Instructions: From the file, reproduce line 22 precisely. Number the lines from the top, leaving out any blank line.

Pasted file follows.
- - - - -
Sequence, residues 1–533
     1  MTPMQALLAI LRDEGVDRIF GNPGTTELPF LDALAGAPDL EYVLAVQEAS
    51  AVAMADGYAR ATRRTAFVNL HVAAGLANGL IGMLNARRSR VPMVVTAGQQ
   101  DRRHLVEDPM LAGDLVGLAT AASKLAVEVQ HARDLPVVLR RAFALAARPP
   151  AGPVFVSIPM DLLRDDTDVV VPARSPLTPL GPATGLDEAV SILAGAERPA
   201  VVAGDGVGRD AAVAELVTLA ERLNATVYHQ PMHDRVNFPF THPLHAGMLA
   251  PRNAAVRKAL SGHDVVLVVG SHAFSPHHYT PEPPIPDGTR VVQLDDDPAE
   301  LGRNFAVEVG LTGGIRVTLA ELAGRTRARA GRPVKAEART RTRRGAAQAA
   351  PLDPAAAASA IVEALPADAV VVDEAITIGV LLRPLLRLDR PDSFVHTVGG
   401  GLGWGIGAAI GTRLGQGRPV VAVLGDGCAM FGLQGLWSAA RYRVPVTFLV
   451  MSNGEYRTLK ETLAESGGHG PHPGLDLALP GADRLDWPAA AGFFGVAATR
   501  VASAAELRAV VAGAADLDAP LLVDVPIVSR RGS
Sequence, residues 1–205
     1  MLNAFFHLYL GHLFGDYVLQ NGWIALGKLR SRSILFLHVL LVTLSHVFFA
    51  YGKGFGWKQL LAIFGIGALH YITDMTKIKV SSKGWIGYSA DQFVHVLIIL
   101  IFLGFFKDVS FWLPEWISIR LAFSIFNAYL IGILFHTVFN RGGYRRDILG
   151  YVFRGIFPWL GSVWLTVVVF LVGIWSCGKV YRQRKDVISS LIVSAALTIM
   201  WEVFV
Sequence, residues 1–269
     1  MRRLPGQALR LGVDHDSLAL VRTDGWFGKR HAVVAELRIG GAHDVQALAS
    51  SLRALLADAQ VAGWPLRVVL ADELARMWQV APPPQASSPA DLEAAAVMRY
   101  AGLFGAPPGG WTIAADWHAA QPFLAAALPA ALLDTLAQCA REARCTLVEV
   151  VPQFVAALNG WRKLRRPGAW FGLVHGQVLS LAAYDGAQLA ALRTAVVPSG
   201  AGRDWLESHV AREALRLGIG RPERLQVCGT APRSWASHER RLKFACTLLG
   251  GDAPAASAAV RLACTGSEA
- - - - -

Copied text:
   101  AGLFGAPPGG WTIAADWHAA QPFLAAALPA ALLDTLAQCA REARCTLVEV